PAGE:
The effect of femoral offset modification on gait after total hip arthroplastyElhadi Sariali, Shahnaz Klouche, Alexandre Mouttet & Hugues Pascal-Moussellard
Background and purpose — A decrease of 15% in femoral offset (FO) has been reported to generate a weakness of the abductor muscle, but this has not been directly linked to an alteration of gait. Our hypothesis was that this 15% decrease in FO may also generate a clinically detectable alteration in the gait.
Patients and methods — We performed a prospective comparative study on 28 patients who underwent total hip arthroplasty (THA) for unilateral primary osteoarthritis. The 3D hip anatomy was analyzed preoperatively and postoperatively. 3 groups were defined according to the alteration in FO following surgery: a minimum decrease of 15% (9 patients), restored (14), and a minimum increase of 15% (5). A gait analysis was performed at 1-year follow-up using an ambulatory device. Each limb was compared to the contralateral healthy limb.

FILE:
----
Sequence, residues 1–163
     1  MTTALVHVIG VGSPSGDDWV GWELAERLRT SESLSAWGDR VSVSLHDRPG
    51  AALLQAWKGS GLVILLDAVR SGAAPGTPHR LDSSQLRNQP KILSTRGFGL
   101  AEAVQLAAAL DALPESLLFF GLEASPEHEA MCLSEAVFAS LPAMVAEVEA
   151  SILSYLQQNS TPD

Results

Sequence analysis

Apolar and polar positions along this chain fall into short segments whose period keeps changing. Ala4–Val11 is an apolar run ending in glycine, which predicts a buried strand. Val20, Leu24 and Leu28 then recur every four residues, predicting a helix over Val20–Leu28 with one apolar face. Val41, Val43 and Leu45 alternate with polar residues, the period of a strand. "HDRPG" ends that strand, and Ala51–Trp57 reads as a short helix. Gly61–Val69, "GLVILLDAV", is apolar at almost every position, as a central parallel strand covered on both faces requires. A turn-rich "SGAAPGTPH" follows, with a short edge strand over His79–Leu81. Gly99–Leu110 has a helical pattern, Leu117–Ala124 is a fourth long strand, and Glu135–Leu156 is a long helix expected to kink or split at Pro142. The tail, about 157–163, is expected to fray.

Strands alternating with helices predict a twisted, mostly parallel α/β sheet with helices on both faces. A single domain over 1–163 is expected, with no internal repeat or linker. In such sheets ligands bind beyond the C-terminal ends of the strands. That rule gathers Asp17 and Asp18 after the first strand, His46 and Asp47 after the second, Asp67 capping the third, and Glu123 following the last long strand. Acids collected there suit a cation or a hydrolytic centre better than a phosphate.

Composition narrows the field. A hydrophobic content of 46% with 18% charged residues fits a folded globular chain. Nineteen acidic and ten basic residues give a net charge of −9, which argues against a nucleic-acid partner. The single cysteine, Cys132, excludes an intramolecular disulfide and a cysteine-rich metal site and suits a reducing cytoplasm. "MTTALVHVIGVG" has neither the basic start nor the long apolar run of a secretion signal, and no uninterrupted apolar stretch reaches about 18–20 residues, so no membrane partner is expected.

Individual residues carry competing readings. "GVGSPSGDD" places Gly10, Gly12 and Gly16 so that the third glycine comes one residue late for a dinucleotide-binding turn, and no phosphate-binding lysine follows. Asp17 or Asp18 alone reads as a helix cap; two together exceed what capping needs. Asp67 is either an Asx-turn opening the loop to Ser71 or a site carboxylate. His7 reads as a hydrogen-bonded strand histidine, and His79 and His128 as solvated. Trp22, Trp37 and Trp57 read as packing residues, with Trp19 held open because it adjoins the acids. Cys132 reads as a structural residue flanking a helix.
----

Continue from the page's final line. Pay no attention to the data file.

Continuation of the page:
Results — In contrast to the “restored” group and the “increased” group, in the “decreased” group there was a statistically significant asymmetry between sides, with reduced range of motion and a lower maximal swing speed on the operated side.
Interpretation — A decrease in FO of 15% or more after THA leads to an alteration in the gait. We recommend 3-D preoperative planning because the FO may be underestimated by up to 20% on radiographs and it may therefore not be restored, with clinical consequences.